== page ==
What Social Security: Beveridgean or Bismarckian?
UPF Economics and Business Working Paper No. 633
40 Pages Posted: 4 Jun 2003
Date Written: July 2002
Why are Bismarckian social security systems associated with larger public pension expenditures, a smaller fraction of private pension and lower income in-equality than Beveridgean systems? These facts are puzzling for political economy theories of social security which predict that Beveridgean systems, involving intra-generational redistribution, should enjoy larger support among low-income people and thus be larger. This paper explains these features in a bidimensional political economy model. In an economy with three income groups, low-income support a large, redistributive system; middle-income favor an earning-related system, while high-income oppose any public system, since they have access to a superior saving technology, a private system. We show that, if income inequality is large, the voting majority of high-income and low-income supports a (small) Beveridgean system, and a large private pillar arises; the opposite occurs with low inequality. Additionally, when the capital market provides higher returns, a Beveridgean system is more likely to emerge.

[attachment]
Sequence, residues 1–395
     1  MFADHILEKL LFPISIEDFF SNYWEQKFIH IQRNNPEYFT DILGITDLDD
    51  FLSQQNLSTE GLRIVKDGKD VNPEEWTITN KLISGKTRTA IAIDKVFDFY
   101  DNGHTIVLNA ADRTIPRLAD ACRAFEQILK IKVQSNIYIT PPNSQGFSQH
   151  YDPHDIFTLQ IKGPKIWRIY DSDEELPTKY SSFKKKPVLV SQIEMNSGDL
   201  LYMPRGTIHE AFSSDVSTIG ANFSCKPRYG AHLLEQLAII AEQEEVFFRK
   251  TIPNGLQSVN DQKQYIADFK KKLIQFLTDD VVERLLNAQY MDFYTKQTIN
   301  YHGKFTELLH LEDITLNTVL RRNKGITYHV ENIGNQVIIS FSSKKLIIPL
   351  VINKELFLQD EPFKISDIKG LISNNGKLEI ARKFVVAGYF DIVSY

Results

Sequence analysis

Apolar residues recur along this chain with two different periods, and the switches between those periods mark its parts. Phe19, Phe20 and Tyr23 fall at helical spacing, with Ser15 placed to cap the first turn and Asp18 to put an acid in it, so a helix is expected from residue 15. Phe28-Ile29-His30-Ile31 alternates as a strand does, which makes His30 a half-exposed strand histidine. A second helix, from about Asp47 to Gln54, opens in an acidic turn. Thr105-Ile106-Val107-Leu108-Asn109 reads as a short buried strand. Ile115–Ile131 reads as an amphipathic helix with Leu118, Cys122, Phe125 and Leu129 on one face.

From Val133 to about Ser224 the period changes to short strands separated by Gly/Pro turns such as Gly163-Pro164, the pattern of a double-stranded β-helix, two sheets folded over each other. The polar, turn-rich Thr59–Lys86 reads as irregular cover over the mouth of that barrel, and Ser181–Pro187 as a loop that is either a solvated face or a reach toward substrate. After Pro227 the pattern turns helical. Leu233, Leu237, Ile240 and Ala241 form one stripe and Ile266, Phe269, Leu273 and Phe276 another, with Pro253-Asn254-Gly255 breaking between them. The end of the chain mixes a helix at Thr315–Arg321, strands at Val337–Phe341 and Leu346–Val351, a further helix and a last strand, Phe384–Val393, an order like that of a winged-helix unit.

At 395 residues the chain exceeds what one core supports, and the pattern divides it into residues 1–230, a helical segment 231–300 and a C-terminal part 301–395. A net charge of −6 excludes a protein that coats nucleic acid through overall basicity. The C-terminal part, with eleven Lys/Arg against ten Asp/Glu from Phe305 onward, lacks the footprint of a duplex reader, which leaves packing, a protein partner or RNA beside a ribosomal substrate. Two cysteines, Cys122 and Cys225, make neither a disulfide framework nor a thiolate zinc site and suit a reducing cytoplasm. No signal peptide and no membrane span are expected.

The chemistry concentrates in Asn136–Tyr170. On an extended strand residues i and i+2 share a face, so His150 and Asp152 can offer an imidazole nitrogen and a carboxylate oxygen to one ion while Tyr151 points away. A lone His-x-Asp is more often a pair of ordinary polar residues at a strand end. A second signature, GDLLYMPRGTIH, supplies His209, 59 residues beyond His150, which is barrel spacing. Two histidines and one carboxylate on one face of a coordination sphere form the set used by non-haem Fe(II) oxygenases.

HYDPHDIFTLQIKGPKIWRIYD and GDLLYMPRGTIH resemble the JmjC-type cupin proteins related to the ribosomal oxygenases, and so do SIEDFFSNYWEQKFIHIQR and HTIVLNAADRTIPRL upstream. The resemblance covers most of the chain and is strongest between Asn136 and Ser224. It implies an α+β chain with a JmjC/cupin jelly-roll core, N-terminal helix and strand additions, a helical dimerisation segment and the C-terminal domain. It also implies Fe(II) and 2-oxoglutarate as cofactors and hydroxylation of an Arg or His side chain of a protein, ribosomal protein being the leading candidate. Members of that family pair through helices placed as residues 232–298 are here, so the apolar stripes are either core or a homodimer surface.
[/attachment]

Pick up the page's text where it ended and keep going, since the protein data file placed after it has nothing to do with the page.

Keywords: Political economy, public versus private social security, pensions system across european countries, income inequality, structure-induced equilibrium
JEL Classification: H53, H55, D72
Suggested Citation: Suggested Citation